Now, Trump does appear to be dead serious about regulatory reform– in particular, rolling back Dodd-Frank– although like many aspects of Trump policy, exactly what he means by that is vague, often inconsistent, and not completely clear. He has indeed recently appointed activist investor Carl Icahn to serve as a special adviser on regulatory reform. Icahn will advise in an individual capacity, so as to skirt federal conflicts of interest and disclosure requirements, and will not hold any official federal or special government position. I should point out– as the piece cited immediately above explores at greater length– Icahn himself is not reflexively or completely anti-regulatory in the securities law area, and unsurprisingly, favors expanding disclosure regulations that benefit his business model.
Based on what we know now, however, in selecting Clayton over Paul Atkins– a member of his transition team and a past SEC commissioner– Trump went with a more mainstream entity with no prior strong public views on the appropriate level of regulation. This stands in contrast to Atkins, who served as an SEC commissioner from 2002-2008, and was particularly outspoken, as reported by the Wall Street Journal, in denouncing what he described as large fines levied against companies, arguing that these punished shareholders rather than the companies. Atkins is serving as a member of Trump’s transition them and is reportedly in line to be put forward as vice chairman of the Federal Reserve.
It’s difficult to compare a relative unknown with someone who has a public service record that includes well-known public statements on securities law. Among the measures Atkins is currently reportedly promoting, according to a report in Fox Business, is a measure to neuter New York’s Martin Act, a 1921 state statute that predates the federal securities law framework and that crusading New York state attorneys general– such as Eliot Spitzer– have relied on to take on Wall Street abuses. State “Blue Sky” laws are also under scrutiny. Details on these discussions have been scant, but current New York state attorney general Eric Schneiderman has taken them seriously enough to describe such proposals as “deeply troubling”. The Atkins record is far more radical than anything I’ve seen Clayton has thus far proposed.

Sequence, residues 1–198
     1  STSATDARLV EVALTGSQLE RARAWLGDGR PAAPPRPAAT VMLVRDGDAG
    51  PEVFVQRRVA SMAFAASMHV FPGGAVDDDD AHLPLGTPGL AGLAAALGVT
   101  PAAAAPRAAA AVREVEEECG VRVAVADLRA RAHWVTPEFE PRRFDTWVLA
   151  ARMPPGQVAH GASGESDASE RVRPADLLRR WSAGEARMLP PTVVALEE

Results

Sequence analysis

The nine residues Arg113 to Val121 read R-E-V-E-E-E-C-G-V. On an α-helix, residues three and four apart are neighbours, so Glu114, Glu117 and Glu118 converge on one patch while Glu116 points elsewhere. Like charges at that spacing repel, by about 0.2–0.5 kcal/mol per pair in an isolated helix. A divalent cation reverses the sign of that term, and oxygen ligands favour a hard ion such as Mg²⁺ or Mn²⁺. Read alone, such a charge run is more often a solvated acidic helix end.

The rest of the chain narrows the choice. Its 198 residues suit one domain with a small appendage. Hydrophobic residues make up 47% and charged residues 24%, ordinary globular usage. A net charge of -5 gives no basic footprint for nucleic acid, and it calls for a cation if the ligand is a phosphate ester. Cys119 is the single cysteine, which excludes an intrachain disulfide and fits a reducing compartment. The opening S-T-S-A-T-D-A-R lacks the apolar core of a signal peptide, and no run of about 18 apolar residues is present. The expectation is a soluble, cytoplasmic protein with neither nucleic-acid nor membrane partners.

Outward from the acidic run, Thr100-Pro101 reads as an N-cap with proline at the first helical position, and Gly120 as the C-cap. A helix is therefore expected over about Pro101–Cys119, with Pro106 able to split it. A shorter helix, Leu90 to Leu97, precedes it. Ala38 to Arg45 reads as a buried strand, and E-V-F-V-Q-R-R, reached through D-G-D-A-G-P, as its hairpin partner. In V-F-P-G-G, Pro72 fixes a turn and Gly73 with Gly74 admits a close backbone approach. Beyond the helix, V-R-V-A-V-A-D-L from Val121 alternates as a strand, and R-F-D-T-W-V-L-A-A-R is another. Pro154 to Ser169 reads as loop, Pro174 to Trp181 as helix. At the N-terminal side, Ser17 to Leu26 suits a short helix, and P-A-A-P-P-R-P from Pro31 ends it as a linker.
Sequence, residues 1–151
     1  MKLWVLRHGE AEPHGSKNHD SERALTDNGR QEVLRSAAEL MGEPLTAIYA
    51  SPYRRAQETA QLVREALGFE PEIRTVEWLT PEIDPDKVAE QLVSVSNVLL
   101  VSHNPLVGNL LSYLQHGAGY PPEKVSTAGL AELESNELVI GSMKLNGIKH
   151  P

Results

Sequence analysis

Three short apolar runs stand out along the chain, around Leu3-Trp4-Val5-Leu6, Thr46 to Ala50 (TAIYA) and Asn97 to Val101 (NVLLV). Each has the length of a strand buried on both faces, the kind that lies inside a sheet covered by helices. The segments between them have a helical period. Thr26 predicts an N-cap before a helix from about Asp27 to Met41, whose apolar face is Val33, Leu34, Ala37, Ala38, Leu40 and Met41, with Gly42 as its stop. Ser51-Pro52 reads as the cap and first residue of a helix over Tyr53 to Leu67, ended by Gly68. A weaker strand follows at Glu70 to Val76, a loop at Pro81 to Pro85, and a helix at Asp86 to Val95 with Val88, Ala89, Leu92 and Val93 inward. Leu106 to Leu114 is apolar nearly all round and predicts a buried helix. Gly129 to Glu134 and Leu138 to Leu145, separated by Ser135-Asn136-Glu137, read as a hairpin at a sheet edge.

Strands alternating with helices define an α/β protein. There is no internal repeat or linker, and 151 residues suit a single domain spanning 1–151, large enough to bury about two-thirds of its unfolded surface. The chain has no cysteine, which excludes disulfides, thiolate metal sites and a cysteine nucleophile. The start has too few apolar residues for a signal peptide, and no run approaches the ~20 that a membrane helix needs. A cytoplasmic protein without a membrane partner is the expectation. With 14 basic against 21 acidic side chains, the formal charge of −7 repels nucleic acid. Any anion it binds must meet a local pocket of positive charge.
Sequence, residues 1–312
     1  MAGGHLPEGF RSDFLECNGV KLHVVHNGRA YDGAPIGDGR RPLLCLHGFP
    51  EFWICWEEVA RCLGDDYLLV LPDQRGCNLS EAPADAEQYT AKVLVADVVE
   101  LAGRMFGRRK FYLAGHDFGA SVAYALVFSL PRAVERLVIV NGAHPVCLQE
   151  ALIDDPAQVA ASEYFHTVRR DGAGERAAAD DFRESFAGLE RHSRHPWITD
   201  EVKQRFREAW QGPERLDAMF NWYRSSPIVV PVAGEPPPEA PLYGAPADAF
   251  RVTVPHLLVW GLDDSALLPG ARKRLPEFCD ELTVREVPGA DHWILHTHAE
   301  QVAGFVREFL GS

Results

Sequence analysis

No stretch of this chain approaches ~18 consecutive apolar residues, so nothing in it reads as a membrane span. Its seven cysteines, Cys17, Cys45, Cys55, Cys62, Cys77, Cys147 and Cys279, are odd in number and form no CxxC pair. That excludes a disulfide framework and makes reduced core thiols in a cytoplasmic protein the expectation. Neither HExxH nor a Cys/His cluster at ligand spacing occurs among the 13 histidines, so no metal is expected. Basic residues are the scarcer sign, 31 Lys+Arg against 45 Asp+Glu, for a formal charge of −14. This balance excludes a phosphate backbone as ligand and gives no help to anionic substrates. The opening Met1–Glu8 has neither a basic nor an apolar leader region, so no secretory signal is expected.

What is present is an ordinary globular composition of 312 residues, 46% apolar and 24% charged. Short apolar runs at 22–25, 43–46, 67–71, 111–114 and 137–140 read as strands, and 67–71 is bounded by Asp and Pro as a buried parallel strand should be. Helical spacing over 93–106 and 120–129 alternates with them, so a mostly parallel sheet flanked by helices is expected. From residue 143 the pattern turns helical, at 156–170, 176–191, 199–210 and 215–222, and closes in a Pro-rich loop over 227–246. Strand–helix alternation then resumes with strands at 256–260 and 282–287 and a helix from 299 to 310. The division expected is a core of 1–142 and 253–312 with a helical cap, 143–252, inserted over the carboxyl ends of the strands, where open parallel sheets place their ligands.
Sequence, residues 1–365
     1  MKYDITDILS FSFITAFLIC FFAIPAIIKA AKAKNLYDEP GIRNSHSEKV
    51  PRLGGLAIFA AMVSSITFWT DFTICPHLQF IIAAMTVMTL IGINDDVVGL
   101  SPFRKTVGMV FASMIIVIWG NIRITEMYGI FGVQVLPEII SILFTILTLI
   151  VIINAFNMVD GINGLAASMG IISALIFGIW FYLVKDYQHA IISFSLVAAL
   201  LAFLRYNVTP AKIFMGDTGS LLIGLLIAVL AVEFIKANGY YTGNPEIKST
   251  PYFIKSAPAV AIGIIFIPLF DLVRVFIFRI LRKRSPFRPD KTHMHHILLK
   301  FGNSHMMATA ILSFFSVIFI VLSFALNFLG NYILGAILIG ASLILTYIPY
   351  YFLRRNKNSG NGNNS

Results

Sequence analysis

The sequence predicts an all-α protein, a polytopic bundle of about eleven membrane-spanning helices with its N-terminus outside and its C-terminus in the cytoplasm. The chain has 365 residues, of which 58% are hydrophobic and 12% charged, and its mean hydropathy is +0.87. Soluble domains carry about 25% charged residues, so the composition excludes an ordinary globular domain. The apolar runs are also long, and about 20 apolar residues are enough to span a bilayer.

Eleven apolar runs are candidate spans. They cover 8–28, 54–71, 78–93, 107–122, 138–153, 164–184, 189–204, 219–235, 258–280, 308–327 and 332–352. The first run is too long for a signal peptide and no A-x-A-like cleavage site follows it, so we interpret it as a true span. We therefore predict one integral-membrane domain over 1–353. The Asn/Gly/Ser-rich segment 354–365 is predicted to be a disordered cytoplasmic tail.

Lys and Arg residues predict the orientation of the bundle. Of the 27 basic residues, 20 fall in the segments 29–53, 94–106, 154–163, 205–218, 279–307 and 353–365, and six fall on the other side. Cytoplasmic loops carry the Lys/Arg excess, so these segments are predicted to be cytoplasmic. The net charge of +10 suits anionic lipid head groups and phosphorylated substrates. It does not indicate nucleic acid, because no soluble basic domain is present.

Goldman Connection: Cause for Concern
One point I do find more problematic is that Clayton is yet another Trump appointee with a strong Goldman Sachs connection. Despite making considerable political hay during the presidential campaign over Hillary Clinton’s Goldman Sachs connections and speeches, Trump has made unseemly haste in tapping alumni and affiliates of the Vampire Squid for White House and Cabinet appointments. These include: former Goldman executive Steven Mnuchin, Trump’s choice to lead the Treasury Department; Steve Bannon, a former Goldman investment banker named as a senior counselor to Trump; and former Goldman President Gary Cohn, who will run the National Economic Council (the economic analogue to the National Security Council in the West Wing, initiated under Richard Nixon, revived under Bill Clinton and headed by Robert Rubin, former co-chair of Goldman, who subsequently became Treasury Secretary);
For those who are unaware of the long and intertwined S & C-Golman connections, their embrace goes beyond Clayton’s representation of Goldman on some key legal matters– that link is so obvious that even Matt Yglesias noticed it in this article from yesterday.
As the Wall Street Journal notes, “Sullivan & Cromwell is a key outside legal adviser to Goldman and is more closely associated with Wall Street than perhaps any other law firm, though Mr. Clayton’s focus has largely been around capital markets.” The Goldman-Sullivan special relationship is longstanding and well-known to most on Wall Street, including the legions of S & C and Goldman alumni.